MOVE ("FILE." + EXTENSION) TO DEST
appends (or concatenates) the logical string in the
character variable extension to the characters "FILE."
and moves the result to the character variable dest.
Numeric Unary Operators
SIN, COS, LOG are all examples of numeric unary
operators. In the following example:
MOVE (SIN VAR1 + COS VAR1) TO RESULT
the variable RESULT is assigned the value of the
trigometric sine of the value VAR1 plus the trigometric
cosine of the value of VAR1.
CHAR is another numeric unary operator. The result of
the char operator is that it will cause the numeric
operand to be used as if it were a character variable.
This is useful for combining a character variable with a
numeric variable in one expression. For example:
VAR1 NUM "5"
MOVE ("ABC" + CHAR VAR1) TO RESULT
will put the string "ABC5" into the variable RESULT.
The following code would cause a compiler error because
the operand variable types conflict:
VAR1 NUM "5"
MOVE ("ABC" + VAR1) TO RESULT
Character Unary Operators
NUM and SQUEEZE are examples or character unary
operators. NUM is like the numeric unary operator CHAR
except that NUM causes its character operand to appear
to be a numeric variable. For example:
VAR1 INIT "3"
DISPLAY (2 * NUM VAR1)
will display 6.
SQUEEZE removes all the blanks from a character
variable.
VAR1 INIT "A B C D E "
DISPLAY ">", (SQUEEZE VAR1), "<"
will display: >ABCDE<
Operator Precedence
All expressions must contain at least one set of parenthesis
around the whole expression. Parenthesis may also be used
to force operator precedence. For example, in the expression:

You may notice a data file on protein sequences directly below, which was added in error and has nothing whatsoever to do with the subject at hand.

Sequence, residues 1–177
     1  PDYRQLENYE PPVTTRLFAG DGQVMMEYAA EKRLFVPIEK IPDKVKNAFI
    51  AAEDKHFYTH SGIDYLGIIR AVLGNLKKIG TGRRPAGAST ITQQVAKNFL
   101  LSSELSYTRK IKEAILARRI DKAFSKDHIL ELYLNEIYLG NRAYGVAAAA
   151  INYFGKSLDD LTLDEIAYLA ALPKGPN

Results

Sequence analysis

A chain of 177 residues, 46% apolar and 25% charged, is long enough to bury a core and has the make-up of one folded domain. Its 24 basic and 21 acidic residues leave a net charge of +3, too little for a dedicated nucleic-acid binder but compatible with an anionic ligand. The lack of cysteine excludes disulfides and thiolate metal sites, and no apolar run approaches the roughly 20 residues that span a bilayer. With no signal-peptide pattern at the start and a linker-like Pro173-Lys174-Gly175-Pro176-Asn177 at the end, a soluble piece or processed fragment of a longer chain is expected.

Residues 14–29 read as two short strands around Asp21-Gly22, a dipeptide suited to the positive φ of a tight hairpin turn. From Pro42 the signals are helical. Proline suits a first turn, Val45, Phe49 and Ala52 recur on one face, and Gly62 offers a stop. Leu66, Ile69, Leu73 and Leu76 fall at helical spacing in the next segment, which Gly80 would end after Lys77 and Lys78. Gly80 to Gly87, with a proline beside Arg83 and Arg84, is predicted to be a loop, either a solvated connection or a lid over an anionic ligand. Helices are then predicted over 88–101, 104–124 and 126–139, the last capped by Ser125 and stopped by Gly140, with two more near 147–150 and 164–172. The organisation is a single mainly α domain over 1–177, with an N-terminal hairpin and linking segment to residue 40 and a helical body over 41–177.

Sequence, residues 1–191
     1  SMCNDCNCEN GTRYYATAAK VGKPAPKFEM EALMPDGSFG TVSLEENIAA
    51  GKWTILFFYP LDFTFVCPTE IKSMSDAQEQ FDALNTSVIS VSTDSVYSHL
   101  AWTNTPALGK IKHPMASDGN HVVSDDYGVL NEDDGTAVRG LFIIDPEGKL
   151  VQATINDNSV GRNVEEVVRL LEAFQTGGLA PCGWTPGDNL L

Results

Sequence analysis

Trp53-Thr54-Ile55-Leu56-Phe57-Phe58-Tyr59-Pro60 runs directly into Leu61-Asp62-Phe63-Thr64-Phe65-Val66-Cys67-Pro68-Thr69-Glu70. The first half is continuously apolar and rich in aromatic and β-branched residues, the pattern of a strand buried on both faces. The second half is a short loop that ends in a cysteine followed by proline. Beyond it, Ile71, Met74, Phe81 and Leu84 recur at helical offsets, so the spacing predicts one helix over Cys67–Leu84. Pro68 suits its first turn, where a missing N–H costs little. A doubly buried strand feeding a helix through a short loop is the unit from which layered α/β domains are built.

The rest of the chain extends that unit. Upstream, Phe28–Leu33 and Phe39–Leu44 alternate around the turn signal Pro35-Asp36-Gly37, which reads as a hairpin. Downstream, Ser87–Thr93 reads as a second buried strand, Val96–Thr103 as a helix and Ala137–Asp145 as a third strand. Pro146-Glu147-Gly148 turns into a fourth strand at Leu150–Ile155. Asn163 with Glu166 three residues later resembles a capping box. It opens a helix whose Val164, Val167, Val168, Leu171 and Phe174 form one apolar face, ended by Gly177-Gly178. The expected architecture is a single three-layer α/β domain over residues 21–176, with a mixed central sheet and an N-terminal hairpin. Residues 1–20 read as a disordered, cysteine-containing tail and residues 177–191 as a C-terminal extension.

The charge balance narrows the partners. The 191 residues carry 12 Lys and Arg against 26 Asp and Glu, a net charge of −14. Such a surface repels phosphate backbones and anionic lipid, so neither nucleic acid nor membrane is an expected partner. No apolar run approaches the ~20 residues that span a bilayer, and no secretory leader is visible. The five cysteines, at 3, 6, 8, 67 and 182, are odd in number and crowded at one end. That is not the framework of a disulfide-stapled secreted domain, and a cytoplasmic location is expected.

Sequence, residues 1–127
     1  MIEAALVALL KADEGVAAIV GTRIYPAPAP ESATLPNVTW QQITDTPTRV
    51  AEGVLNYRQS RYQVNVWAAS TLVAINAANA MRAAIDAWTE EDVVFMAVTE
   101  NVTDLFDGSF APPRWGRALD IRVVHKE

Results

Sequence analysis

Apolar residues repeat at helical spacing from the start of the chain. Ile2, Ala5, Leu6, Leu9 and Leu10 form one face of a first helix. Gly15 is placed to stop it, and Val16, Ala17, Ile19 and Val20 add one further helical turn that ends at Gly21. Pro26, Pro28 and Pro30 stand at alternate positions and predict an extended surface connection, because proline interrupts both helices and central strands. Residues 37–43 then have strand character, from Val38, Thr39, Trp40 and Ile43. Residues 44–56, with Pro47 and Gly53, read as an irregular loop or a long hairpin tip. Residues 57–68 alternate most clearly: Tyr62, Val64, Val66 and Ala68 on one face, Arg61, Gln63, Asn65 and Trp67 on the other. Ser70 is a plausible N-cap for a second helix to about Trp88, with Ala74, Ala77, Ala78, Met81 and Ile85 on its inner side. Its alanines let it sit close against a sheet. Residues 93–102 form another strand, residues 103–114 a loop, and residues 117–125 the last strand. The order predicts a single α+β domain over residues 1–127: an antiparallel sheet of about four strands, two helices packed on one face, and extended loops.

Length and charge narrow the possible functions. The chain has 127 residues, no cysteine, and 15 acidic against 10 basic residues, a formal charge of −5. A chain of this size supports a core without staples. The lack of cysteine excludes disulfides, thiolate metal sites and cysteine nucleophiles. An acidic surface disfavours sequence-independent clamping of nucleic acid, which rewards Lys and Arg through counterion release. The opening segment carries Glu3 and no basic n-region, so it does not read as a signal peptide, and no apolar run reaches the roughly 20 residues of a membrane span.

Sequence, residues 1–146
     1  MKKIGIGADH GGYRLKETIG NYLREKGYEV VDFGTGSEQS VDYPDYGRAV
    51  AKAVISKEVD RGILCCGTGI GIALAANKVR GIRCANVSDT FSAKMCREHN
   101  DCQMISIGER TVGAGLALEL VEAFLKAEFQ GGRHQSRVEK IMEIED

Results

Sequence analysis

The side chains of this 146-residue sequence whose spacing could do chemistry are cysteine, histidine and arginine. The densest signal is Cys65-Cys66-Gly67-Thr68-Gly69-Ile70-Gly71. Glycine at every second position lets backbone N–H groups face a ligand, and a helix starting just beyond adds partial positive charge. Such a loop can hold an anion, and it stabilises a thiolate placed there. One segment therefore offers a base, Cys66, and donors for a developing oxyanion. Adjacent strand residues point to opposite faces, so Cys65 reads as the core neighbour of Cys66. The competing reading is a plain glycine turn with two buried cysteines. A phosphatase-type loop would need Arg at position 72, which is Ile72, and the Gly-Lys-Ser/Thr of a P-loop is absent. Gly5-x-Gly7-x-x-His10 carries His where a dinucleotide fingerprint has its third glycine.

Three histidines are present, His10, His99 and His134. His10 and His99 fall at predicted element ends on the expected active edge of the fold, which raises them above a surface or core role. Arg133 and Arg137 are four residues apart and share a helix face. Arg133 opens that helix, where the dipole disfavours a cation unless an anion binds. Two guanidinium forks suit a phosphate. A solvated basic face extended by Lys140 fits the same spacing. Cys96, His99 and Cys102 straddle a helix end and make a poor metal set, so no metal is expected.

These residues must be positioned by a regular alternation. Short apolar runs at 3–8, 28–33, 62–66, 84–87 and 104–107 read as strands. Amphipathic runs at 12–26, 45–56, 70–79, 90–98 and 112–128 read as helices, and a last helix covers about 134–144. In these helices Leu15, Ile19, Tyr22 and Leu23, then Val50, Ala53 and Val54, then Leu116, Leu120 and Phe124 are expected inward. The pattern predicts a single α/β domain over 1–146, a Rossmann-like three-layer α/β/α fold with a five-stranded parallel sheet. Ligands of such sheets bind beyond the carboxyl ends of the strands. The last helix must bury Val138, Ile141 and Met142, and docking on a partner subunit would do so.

(A + B / C)
the value of B is divided by C. The result is then added
to A because division operator has higher precedence than
the addition operator. In contrast, in the expression:
((A + B) / C)
the value A is added to B and the result is divided by C
because of the use of parentheses.
A complete list of operator precedence is listed on page
10 of the DB/C release 8.0 Language Reference Manual.
Precision and Rounding
In general, numeric expression evaluation produces a result
that contains enough digits so that no information is lost.
In each of the following formulas, the precision of the left
and right operands are "L1.R1" and "L2.R2" and the precision
of the result is "L3.R3".
Addition and subtraction produce a result whose precision
is defined by these formulas:
L3 = (the greater of L1 and L2) + 2
R3 = (the greater of R1 and R2)
Multiplication and exponentiation produce a result whose
precision is defined by these formulas:
L3 = L1 + L2
R3 = R1 + R2
Division produces a result whose precision is defined by
these formulas:
L3 = L1 + R2
R3 = R1 + R2
DB/C does not do rounding for any numeric operation.
Except for division and exponentiation, the is no potential
loss of precision, because there are always enough digits
to exactly represent the result. Because division and
exponentiation can produce infinitely long results, it is
not possible to always round correctly. Therefore, DB/C
doesn't round at all. Note, however, that the MOVE
instruction does round. See example 3 below.
Examples
1. This example might be used to generate source for a
program with 100 variables named NUM1 through NUM100.
VAR1 NUM 3
FILE FILE
SEQ NUM "-1"
FOR VAR1 FROM 1 TO 100
WRITE FILE, SEQ; ("NUM" + SQUEEZE CHAR VAR1 + " INT 5")
REPEAT
2. This example uses the resize operator (!) to print
a value with as if it were a NUM 9.2 variable.
TOTAL NUM 8
PRINT "THE TOTAL IS: ", (TOTAL ! 9.2)
3. This example shows the effect of no rounding in
expressions and rounding in the MOVE statement.
X NUM 2.3
Y NUM 2
Z NUM 2.2
MOVE 2 TO X
MOVE 3 TO Y
DISPLAY "X / Y = ", (X / Y)
MOVE (X / Y) TO Z
DISPLAY "Z = ", Z
The result displayed is:
X / Y = .666
Z = .67
With the knowledge of how expressions work, you can use them to simplify
your programming and make your life a little easier.
DB/C Class Schedule
The next DB/C class is scheduled for September 27-30, 1993. It is held
in the Oak Brook, Illinois office of Subject, Wills & Company. For more
information, contact Judi Tamkevic at (708) 572-0240.